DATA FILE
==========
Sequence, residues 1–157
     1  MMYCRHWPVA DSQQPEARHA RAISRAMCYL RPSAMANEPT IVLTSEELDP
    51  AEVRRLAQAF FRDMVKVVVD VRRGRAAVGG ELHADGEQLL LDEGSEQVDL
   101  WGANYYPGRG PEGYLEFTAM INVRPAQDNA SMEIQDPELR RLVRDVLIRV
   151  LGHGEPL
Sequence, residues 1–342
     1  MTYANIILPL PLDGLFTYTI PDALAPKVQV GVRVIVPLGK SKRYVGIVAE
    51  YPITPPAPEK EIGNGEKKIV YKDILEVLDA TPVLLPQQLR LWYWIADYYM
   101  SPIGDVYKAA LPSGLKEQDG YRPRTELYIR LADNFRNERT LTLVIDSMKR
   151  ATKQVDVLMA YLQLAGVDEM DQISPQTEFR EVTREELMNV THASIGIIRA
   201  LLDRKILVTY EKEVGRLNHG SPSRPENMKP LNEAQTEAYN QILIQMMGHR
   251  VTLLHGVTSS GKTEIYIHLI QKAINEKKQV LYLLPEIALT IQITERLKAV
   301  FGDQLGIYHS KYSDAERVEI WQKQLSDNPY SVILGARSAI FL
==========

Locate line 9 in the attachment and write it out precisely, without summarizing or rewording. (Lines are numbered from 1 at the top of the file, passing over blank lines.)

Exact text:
   101  SPIGDVYKAA LPSGLKEQDG YRPRTELYIR LADNFRNERT LTLVIDSMKR